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Californai Duke and the River of Doom

This is an adventure that took place in August of 2002. While I make it sound amusing, at the time it was not so much fun. This illustrates that dogs don't seem to realize that a steep bank that they can easily descend may not be so easy to re-ascend. Duke could have been in very serious danger.

I wrote this the day it happened, sending it to our Bouvier e-mail list. I present it here with only a few additions.



Californai Duke and the River of Doom

by Pam Green, © 2002, 2020

da-da-da-da, ta-da-duh-duh-doo

Duke and I had something of an adventure this morning. (7/08/2002). An adventure that could have ended very badly. "But since it came to good, I shall recount all that there befell me by Dog's grace" (as Dante Aligheri once said, though he spelled Dog backwards.)

We went out for a morning walk, Duke , Pix, Ham , and I (Chris stayed home crated to rest a sore paw), to our very favorite route alongside the creek -- south fork of Putah Creek ("putah" is spanish for "prostitute", a bit of trivia that will probably interst no one other than Dave Letterman, since I don't think it is likely to appear as one of the high value questions on "Who Wants to be a Millionaire"). A couple hundred yards downsteam from where we hit the creekside path, all three dogs went down the bank to wade and drink. A common occurance, something they will usually do several times during a walk, more often if weather is hot. Not normally a problem. But some of the banks leading from the trail down to the creek are rather steep. Lately Duke has been feeling the steepness more and more. Today they unfortunately chose a route that was unusually steep and the last 6 or 8 feet damn near a straight down drop. Even the younger dogs had to make quite an effort to get back out of the water and start up the bank. Duke couldnt do it. He tried and couldn't make it. Tried several times and couldnt make it. So he stood in the shallow water next to the bank and barked. He's always tended to bark when he is excited or frustrated, and up to now it's been a bit of a nuisance , something I which annoys me and which I sometimes scold him for. Today it proved very helpful.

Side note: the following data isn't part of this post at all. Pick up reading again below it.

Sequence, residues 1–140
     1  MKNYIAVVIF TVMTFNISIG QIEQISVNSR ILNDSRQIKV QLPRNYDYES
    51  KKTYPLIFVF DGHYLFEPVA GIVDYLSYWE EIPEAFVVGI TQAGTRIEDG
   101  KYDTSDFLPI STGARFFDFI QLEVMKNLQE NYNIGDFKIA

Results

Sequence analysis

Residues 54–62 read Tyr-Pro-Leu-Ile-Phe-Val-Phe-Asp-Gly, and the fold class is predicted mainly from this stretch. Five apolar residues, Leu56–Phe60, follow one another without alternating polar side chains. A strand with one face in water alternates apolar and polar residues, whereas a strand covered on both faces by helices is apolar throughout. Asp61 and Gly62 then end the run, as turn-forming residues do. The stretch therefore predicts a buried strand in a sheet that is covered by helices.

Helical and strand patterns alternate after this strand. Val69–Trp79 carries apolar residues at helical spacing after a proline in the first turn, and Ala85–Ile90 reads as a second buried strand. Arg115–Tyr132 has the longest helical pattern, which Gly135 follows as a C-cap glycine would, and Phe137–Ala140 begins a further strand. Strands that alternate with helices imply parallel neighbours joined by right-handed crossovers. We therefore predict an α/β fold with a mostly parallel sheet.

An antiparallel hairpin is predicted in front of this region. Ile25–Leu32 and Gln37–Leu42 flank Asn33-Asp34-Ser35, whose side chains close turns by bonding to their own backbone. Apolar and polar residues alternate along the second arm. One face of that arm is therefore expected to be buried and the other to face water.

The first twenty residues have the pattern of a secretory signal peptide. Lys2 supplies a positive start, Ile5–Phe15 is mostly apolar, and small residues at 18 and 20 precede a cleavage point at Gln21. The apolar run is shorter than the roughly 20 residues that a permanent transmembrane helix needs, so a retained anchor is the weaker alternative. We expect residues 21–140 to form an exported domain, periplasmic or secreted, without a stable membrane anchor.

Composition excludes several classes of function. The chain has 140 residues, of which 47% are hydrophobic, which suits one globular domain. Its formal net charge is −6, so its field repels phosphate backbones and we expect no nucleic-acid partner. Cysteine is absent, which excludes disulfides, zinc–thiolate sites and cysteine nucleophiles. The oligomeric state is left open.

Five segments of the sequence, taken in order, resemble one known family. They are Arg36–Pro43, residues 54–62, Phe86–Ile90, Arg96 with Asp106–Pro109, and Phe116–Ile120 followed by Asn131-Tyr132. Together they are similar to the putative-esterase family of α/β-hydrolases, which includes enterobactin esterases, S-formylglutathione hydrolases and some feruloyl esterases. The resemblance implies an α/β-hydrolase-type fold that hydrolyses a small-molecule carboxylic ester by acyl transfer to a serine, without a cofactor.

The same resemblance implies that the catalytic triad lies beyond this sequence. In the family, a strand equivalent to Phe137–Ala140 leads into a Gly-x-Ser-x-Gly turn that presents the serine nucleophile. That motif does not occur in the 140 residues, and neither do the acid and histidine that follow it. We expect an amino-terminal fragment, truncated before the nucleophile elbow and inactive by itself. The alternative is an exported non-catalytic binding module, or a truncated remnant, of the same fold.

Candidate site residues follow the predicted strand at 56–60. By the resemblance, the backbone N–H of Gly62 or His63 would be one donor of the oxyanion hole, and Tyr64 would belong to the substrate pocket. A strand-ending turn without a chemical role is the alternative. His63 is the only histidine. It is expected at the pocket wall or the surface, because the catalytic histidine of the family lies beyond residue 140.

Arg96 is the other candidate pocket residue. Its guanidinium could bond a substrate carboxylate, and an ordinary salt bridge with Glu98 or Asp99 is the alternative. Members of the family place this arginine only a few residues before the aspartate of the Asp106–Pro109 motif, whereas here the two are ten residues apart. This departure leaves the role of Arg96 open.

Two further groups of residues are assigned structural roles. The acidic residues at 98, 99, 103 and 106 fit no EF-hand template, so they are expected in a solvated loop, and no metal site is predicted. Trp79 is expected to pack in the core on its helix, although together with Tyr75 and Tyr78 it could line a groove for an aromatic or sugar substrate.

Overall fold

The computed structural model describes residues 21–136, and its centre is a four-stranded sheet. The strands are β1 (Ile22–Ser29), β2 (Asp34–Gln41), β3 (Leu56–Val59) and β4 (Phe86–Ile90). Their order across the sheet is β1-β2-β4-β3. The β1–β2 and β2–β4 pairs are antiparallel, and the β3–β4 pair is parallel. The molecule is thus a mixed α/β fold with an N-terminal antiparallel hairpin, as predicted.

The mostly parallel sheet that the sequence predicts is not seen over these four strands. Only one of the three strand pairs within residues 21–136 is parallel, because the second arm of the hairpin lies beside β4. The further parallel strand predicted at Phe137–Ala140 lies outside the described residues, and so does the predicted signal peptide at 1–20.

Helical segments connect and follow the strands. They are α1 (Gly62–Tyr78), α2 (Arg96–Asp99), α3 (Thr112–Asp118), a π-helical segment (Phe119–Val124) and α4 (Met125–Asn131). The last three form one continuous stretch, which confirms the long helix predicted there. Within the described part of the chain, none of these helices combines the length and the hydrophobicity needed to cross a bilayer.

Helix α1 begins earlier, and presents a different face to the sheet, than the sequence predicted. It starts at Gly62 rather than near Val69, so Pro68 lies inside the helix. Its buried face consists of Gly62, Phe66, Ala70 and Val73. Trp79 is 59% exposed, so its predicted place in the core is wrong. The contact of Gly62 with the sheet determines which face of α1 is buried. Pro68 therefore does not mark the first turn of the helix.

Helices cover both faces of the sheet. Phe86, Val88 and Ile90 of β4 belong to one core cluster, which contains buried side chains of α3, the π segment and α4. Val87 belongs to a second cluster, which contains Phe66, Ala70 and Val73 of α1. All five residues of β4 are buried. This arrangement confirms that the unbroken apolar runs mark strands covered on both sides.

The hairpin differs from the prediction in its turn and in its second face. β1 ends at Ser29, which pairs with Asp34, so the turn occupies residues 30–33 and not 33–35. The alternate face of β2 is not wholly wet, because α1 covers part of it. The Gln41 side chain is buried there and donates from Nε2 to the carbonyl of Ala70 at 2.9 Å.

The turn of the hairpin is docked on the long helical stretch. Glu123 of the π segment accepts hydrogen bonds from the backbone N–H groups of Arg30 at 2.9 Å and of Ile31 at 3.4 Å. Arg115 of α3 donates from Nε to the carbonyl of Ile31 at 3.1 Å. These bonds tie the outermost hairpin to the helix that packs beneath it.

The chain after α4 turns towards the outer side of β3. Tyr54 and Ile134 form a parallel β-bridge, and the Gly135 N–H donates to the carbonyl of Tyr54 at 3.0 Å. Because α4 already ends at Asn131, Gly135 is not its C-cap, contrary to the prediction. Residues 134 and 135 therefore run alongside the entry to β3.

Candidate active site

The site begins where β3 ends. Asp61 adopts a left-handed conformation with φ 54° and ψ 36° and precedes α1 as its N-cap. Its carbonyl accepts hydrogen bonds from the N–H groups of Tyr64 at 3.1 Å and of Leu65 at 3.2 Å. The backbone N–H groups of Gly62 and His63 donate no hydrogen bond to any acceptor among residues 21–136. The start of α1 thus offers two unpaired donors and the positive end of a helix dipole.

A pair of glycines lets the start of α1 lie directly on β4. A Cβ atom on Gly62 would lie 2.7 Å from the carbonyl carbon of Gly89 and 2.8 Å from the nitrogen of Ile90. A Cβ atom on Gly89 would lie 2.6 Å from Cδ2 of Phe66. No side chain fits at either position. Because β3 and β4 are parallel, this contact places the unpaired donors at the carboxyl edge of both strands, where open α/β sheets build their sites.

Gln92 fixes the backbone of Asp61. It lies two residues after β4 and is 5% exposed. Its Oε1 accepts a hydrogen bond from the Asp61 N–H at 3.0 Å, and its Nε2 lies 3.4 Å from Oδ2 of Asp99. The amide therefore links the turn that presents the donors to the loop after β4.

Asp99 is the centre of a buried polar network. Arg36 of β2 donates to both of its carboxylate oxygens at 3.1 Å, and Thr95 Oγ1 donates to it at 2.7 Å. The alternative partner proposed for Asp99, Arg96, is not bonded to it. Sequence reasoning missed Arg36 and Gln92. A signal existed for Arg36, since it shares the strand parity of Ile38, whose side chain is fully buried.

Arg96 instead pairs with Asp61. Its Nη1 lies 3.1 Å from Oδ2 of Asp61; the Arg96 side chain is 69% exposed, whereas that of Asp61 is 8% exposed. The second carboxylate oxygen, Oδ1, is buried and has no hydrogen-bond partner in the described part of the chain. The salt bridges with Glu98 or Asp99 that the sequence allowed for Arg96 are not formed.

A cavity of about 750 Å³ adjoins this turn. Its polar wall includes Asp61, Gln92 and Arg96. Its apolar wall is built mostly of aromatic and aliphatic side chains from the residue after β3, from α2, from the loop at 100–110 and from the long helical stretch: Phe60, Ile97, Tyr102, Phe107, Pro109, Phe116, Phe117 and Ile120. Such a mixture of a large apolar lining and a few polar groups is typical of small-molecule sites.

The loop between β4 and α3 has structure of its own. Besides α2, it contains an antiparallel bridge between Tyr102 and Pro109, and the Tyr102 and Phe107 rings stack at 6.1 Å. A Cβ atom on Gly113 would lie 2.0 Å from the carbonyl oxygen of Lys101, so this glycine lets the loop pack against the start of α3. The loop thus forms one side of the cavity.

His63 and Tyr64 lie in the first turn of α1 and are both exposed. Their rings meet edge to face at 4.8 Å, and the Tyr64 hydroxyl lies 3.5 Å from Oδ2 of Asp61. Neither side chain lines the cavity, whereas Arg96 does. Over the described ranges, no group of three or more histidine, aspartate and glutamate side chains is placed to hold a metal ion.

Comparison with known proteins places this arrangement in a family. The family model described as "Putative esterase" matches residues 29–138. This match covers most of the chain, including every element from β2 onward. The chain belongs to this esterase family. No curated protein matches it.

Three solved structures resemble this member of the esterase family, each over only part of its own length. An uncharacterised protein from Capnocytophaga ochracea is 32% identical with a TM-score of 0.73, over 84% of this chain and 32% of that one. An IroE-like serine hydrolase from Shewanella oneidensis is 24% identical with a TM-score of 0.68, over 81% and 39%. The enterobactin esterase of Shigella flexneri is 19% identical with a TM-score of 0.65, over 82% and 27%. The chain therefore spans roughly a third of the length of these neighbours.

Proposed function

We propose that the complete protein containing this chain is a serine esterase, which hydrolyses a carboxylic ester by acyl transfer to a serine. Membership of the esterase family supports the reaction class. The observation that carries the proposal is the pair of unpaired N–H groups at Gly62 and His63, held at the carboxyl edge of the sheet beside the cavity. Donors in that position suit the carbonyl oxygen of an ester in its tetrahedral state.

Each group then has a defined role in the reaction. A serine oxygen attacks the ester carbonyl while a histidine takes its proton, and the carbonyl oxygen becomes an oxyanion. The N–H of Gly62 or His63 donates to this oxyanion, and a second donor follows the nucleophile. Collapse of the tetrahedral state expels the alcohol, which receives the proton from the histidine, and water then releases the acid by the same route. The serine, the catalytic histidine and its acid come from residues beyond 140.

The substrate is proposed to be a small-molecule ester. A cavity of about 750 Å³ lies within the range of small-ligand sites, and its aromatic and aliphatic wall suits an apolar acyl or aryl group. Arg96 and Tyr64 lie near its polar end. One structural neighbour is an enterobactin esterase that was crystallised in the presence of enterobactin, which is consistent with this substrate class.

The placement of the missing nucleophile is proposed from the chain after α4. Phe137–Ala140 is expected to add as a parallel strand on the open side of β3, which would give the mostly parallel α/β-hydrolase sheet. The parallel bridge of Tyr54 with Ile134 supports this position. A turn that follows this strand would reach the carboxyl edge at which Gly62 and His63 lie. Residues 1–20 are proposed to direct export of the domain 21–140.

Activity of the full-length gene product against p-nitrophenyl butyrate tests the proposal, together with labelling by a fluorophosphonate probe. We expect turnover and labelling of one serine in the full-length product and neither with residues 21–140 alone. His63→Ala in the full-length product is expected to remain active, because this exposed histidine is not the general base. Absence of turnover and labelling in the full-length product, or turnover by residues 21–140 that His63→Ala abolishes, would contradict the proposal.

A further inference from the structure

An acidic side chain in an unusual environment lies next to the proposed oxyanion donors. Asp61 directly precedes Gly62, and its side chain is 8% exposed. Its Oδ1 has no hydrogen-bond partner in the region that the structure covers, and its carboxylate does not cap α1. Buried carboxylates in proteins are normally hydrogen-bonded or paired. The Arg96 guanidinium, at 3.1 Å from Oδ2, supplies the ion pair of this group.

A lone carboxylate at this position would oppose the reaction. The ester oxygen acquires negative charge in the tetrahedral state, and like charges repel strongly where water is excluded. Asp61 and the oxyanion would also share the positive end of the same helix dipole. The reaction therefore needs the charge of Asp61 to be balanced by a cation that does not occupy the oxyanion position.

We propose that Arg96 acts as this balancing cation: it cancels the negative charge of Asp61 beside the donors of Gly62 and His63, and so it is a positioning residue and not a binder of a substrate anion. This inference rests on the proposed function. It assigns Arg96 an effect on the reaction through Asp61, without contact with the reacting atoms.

I tried first to get myself down the bank and into the creek to give him a boost up. Left my hat and the remeote collar transmitter (Ham still needs a remote at times to help to recall him from squirrel holes and other roadside attractions) up on the path, and slid down the bank on my butt, collecting a pantsful of foxtails enroute. The last 6 or 8 feet would have been a dead drop off into the water. Really didn't want to do it and definately could not have gotten myself or Duke out again at that spot. Now understand that if he had been in immediate peril, eg treading water too deep for him to stand in or had his collar caught on a branch (unlikely -- all the branches are so water-soaked that they break under a few pounds of pressure so wouldnt hold a struggling dog) or whatever, I would have made the drop and counted on landing with at least one foot and leg still weight bearing, able to let me get to him and get hands under his chest for support to keep him afloat. It's pretty shallow close to the banks and the bottom is soft and squishy, so the chances of serious injury are slight. But he was standing on a spot high enough that his head and neck and top of his back were above water, so I knew he could stay there for a long time safely, even though he was under some emotional stress about it. So I had time to try less drastic alternatives. Time to think before acting --a great luxury.